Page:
Not every empath will fall victim to the empath narcissist dance, but many, many will. And if it happens once, you can almost guarantee it will happen again.
This is because a person who is attracted to a person with a serious personality disorder like NPD usually has some healing to do.
In fact, I’ll let you in on a secret. As much as we would like to think of a narcissist as the opposite of an empath, they are usually our perfect match.
When I say this to people, I often get a puzzled or disgusted look. But we have to remember that the people that come into our lives don’t do so by chance.
If you have been impacted by narcissistic abuse it can serve as a warning sign that something deeper may be hiding just under the surface, something that needs to be healed. This is especially true if you struggle to let go of the connection even though it is clearly harming you.
Here are a few suggestions on ways to break/heal from such a traumatic bond:
1. Learn as Much as You Can about the opposite of an empath
There is so much information out there about the empath narcissist connection. By learning all you can about these personalities, you empower yourself to make a sincere change. Read articles, read books, and watch Youtube videos. Knowledge is power.
But remember, for every 1 thing you read about narcissistic traits and abuse, you should read 5 more on healing. You must focus on you above all else.
2. Recognize and Accept Your Role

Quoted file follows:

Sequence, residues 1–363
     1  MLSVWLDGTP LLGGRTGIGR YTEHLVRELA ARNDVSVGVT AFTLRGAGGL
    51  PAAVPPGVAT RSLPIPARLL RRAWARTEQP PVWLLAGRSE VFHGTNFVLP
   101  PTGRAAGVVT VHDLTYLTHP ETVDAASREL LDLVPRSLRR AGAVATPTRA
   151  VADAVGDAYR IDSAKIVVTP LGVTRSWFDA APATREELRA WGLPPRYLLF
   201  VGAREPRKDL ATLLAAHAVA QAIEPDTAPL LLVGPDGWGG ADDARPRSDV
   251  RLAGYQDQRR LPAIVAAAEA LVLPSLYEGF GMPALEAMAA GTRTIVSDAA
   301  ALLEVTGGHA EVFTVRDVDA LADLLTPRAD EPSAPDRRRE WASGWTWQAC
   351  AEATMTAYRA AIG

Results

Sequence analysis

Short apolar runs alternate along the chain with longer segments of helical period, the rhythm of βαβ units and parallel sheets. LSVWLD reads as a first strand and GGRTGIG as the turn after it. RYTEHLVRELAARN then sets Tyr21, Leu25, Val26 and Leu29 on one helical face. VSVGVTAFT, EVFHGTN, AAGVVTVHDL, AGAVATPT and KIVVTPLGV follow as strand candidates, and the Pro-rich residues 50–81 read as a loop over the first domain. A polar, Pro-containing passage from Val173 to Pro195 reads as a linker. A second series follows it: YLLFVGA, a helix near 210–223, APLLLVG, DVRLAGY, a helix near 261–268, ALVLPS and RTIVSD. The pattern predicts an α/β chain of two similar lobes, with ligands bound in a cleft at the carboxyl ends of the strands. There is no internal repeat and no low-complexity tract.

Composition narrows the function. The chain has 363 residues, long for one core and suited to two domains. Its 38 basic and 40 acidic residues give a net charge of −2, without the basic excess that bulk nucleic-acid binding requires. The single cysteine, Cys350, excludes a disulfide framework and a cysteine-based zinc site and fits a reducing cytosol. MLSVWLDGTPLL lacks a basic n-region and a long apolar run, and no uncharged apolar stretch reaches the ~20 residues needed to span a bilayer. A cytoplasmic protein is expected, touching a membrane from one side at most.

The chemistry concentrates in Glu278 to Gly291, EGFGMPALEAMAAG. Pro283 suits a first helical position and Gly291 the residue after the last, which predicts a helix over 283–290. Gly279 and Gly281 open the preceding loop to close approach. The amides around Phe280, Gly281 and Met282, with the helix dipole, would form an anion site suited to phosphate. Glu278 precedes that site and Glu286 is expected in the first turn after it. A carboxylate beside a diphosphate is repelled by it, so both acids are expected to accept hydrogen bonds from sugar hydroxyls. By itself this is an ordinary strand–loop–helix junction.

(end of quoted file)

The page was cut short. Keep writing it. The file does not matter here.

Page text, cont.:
Narcissistic abuse is never okay. The victim is not at fault. However, there are parts of a victim’s personality or past that make them more susceptible to such a connection. Here are some questions you might ask yourself:
- Was one of my early caregivers a narcissist, an alcoholic, or emotionally absent?
- Does the narcissist in my life have similarities to this caregiver?
- Am I repeating a pattern from childhood?
- Am I a dependable person who is always there for others even when it’s not in my best interest?
- Do I have trouble setting or keeping boundaries?
- Do I struggle with self-confidence or self-esteem?
- Am I an empath or a highly sensitive person?
- Do I tend to want to save or help people who are troubled?
Taking an inventory of these traits/past experiences can help you become more accountable for your life and future choices.
3. Focus on Healing
If you answered yes to any of the questions above, you may need to work on healing inner issues. You can do this work alone, but usually, the help of a qualified counselor/therapist can make the process a lot smoother.
Meditation and healing your chakras are also good starting places as they put you in touch with your higher self. Your higher self will always have your best interest at heart and can guide you toward the right decisions and healthy relationships (you might even find your twin flame).
4. Choose No Contact with The Opposite of Empaths
Hippocrates, a Greek physician born 400 years before Christ, is a timeless figure of medicine. His name is the root of the “Hippocratic Oath” taken by doctors and he was both wise and brilliant.
I’m not sure if Hippocrates knew any narcissists or empaths, but I know he was quoted as saying:
“Before you heal someone, ask him if he’s willing to give up the things that make him sick.” ― Hippocrates
The only way to heal from toxic relationships is to give them up completely. As hard as it might be to walk away, we must do so if we are to ever be whole and at peace.
This comes in the form of no contact. And when I say none, I mean zero, zilch. If you have children, you can go the “grey rock” method instead, which is built on limited contact.
For me, this has been, the most difficult struggle of my life. It’s one that I face over and over again, sometimes daily. Yet, I choose no contact because I know it’s the loving one for me. And all healing falls back to self-love.